Free Clinic Provides Services for Residents in Need
Deborah Bayliss | 11/6/2013, 2:53 p.m.
Hamilton Talbert used his walking cane to balance himself as he leaned against the wall of the Kenwood United Church of Christ (UCC) which houses the Norma Jean Sanders Free Clinic at 4600-08 S. Greenwood Ave.
“I’m a patient of Dr. Leroy Sanders, he’s a good doctor,” Talbert said about the medical doctor who is also a pastor. “He convinced me to have the knee replacement surgery I needed. I was reluctant but he’s someone you can confide in. I also got all the medicine I needed from here as well. A lot of people would be lost without this service.”
Talbert is referring to UCC’s free clinic that is staffed with licensed physicians, registered nurses, nurse practitioners, other health professionals and lay health ministers who volunteer to provide basic health assessment, health education, spiritual support, direct medical care as appropriate, and referrals to other resources as needed.
When asked how he ended up with a dual discipline, Rev. David Stewart, M.D., family practitioner with Rush University Medical Center and the UCC free clinic’s head physician, said, “It was my growing frustration with the medical field’s corporate interest coming before the patient interest,” Stewart said. “I found the church more “life giving” and pursued my calling in ministry and came to the Kenwood community to do my field work.”
Twelve years in operation, the clinic relies solely on donations and serves a great need in the community.
“With the implementation of the Affordable Care Act, we’ll probably downsize to take care of those who fall through the cracks such as homeless individuals and those who are undocumented, Dr. Stewart said. "We’re taking care of the folks with no options.”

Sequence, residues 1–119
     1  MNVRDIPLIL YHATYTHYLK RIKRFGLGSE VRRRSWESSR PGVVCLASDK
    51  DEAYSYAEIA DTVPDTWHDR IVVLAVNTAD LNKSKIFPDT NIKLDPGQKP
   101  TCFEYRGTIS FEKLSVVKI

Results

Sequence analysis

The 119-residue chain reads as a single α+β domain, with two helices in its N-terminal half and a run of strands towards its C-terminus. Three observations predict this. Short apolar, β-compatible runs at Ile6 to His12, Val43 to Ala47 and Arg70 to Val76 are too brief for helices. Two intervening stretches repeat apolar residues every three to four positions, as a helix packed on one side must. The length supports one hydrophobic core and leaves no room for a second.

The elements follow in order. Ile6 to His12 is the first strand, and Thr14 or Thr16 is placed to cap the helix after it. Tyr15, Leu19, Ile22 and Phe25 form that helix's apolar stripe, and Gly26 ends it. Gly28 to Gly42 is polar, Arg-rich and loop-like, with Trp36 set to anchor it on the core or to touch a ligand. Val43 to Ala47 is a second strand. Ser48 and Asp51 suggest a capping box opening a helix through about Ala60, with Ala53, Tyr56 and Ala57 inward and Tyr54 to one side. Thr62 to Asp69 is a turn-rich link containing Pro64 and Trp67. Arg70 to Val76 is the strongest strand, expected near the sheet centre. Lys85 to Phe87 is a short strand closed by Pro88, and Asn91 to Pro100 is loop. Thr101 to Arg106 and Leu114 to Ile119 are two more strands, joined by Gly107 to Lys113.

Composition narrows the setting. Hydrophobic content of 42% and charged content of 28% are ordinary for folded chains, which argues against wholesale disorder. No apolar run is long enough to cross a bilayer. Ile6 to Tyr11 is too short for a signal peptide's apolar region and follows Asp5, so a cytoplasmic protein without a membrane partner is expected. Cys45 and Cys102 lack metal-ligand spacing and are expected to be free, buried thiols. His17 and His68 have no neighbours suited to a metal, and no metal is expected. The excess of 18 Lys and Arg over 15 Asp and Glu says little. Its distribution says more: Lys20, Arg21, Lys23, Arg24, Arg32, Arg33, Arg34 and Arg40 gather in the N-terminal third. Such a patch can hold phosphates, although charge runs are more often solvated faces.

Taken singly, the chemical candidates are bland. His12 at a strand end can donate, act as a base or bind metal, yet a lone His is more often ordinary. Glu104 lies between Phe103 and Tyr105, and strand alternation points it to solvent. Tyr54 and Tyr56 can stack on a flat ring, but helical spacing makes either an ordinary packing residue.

To date, Dr. Stewart has not applied for federal or state assistance to run the clinic. He says that would require the Norma Jean Sanders Free Clinic to become a Federally Qualified Health Center (FQHC) organization.
FQHC’s receive grants under Section 330 of the Public Health Service Act (PHS) and enhanced reimbursement from Medicare and Medicaid, as well as other benefits, for clinics that serve an underserved area or population. They also offer a sliding fee scale, provide comprehensive services, have an ongoing quality assurance program, and have a governing board of directors. Becoming a FQHC would require the Norma Jean Sanders Free Clinic to operate during normal business hours and would also require the accommodation of a much larger clientele.
However, Stewart said he never intended to operate the clinic beyond the Friday only schedule and that his Rush practice keeps him busy.
Open Fridays only, from 10 a.m. to 3 p.m., the free clinic provides for the health care needs of the congregation and the surrounding community as it works in cooperation with social service providers, and other health care systems and ministries including the Advocate Health Care and Chicago Family Free Healthcare.
The volunteer clinic staff, made up of licensed physicians, registered nurses, nurse practitioners, other health professionals and lay health ministers, provides basic health assessment, health education, spiritual support, direct medical care as appropriate, and referrals to other resources as needed.